3 Reasons To Be On Social Media… And 6 More Not To Over-do It
I’ve always been a bit surprised at this rush to be present on social media. It seems like virtually every article or blog post or any other form of content is now followed by a string of logos.
At a minimum, there are usually half a dozen of them (Facebook, LinkedIn, Twitter, Google Plus, YouTube and an e-mail share) but it’s not uncommon to see several others show up increasingly (Pinterest, Instagram, Reddit etc).
The need to be present on social media is no longer in doubt. Here are the top 3 reasons:
1) Building a community
The pace of growth of social has skyrocketed. Depending upon the type of industry/category that you operate in, it’s quite likely that you can build a community of users around your brand. These are audiences that feel a need to connect with you because you have great content to share.
Social media has largely been a youth phenomenon across geographies and cultures. If you’re a mass consumer brand like Coke or Levi’s or Nike or similar brand, your audiences are more likely to be hanging out here.
Younger audiences are no longer restricted to traditional sources of information/entertainment – newspapers, TV, radio etc. They are quite happy to get their information/entertainment from branded content as well, as long as they clearly perceive value.
2) Driving engagement
Unlike what marketers of an earlier believed ‘Build it and they will come’, social media already has a large pool of passionate and committed users who are actively seeking your brand out in the crowd. Reeling them in is not a problem, but retaining them will certainly be a tough challenge.
While they may feel instinctively that it is worth their time and effort to stay connected to all the latest action – whether it be information updates about the brand, coupons, give-aways, quizzes or more – they will be equally quick to leave if you do not keep them sufficiently engaged.
3) Being relevant
The greatest possibility offered by social media is the ability to personalise messages according to the medium and audience.
Rather than a one-size-fits-all message, you can tailor your messages according to occasion, usage, event and any of several parameters. And all this can potentially be done in a fraction of the time and cost of traditional media.
Far more worrying is why you should be careful before you rush in to every available social media property.
1) “We’ve got to be here, there, everywhere!”
This may sound like a reasonably good idea even if it is definitely weak strategy. But it cannot constitute a sufficiently good reason to dive in. Are you clear why you want to be on Facebook? Does LinkedIn even fit into your strategy? What about Pinterest or Instagram – will you be able to pull it off?
2) One size definitely does not fit all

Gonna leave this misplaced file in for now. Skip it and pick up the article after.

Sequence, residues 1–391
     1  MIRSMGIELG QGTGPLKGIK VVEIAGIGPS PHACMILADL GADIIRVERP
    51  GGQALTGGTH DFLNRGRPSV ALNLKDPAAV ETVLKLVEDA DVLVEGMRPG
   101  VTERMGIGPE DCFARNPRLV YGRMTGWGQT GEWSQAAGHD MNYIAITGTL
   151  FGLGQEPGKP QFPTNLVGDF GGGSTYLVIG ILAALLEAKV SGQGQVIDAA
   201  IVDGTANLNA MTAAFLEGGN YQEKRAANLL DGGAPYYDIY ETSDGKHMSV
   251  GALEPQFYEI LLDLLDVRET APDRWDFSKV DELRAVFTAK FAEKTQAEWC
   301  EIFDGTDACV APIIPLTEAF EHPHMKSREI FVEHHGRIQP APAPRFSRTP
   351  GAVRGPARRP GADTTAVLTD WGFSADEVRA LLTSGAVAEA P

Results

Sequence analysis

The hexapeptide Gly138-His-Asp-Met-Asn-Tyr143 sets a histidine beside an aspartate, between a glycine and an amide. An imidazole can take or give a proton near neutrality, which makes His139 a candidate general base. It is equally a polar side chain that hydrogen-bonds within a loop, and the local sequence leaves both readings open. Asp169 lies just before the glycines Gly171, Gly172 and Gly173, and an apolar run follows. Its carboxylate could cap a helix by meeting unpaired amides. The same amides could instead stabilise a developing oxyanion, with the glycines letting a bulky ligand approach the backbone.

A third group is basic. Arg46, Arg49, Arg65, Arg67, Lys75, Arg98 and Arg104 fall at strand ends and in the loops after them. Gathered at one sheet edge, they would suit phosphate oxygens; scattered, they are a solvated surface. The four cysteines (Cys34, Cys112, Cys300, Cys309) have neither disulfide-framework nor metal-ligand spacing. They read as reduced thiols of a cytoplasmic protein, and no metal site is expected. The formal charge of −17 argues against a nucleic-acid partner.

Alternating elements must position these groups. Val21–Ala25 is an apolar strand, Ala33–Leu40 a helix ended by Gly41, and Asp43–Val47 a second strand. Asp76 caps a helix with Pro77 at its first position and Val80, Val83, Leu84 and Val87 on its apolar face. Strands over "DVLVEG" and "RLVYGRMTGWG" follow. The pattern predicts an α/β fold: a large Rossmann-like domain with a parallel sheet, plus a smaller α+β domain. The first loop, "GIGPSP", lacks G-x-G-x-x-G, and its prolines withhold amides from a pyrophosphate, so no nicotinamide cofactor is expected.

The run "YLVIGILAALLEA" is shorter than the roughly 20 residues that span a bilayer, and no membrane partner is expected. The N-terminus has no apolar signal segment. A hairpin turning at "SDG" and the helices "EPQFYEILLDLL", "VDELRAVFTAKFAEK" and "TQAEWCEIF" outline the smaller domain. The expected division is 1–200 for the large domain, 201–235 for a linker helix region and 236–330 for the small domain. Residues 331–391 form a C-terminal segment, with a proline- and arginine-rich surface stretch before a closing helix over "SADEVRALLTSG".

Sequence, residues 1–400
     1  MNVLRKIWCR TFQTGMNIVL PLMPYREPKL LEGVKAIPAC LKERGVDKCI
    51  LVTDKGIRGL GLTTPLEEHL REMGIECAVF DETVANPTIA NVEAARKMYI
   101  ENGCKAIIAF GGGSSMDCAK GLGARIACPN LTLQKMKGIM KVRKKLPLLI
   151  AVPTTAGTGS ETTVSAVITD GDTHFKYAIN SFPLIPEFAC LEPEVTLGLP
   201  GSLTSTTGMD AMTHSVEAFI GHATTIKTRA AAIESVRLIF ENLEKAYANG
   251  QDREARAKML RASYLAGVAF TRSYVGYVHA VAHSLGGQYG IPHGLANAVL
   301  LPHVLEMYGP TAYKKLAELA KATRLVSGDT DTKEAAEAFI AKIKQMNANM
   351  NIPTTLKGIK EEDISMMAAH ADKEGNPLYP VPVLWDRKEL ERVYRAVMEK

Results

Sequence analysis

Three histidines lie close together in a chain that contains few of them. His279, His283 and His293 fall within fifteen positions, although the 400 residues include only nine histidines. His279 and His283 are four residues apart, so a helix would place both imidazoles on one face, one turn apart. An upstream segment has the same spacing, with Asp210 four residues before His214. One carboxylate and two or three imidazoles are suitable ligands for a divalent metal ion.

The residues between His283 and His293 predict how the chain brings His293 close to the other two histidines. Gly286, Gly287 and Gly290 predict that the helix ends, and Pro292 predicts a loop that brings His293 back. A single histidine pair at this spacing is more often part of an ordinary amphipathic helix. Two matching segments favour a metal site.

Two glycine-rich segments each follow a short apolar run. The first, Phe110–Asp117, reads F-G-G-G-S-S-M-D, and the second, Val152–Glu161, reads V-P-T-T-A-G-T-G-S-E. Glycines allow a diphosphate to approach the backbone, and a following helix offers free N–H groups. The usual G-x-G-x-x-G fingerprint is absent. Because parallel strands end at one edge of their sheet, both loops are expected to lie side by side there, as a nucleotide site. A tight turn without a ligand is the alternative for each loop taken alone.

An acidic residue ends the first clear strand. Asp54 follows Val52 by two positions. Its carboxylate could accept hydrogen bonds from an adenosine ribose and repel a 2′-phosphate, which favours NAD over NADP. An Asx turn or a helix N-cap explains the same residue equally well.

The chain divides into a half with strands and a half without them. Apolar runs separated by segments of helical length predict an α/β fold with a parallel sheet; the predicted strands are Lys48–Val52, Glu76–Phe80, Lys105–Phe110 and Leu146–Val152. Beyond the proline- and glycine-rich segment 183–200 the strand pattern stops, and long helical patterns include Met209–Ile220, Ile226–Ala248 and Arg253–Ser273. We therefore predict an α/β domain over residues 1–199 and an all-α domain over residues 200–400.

Creating relevant content is not an easy task. Making it engaging enough to keep your audiences hooked and come back wanting more is about the toughest task your content team will grapple with. Which is why most brands’ take a brochureware approach to rolling out content.
There is simply not enough content available to suit the dynamics of each medium nor has sufficient thought been given to why we’re present on each medium. Sometimes, less is really more.
3) Understanding your audience
Each type of social media property attracts a differentiated and unique type of audience. Are your audience’s expectations likely to be in sync with what you have to deliver? Instagram and Pinterest, for example are fine examples of visual storytelling where your content needs to be delivered with little or no textual content. Does your brand allow you to pull this off?
4) The fatigue factor
Let’s face it. How many of our audiences do we realistically expect to track our presence on each of our properties? It may be a brand manager’s dream come true to imagine a customer following us on each, but the reality is far different. You may build likes, your shares and re-tweets may be going through the roof but that is not translating into much in concrete terms. It is no wonder then that the vast majority of brand managers have a glum look when reviewing social media performance with their agencies.
5) “Let’s do a viral”
How often have we all at some point sat around a conference table and heard someone suddenly pipe up with a “Guys, let’s do a viral!”. One does not most certainly set out to do a viral; it is achieved through hard work and a sound understanding of the power of honest story-telling. Which is why that grainy video of a dog shot on an entry-level smartphone has just as much chance to become the next viral hit as a production costing several thousand dollars.
6) Social media is a sprint, building a brand is a marathon
The beauty of social media is that it potentially gives everyone the power to proclaim “I Am The King Of The World”. Never in the history of human civilisation has so much power been placed in the hands of so many. However, that power comes with the recognition that brands now have the luxury of taking a series of small, discrete steps to measure and evaluate their performance. Social media can be whatever you want it to be and some more, but it’d be a grave mistake to believe that your efforts here will give you the success you seek.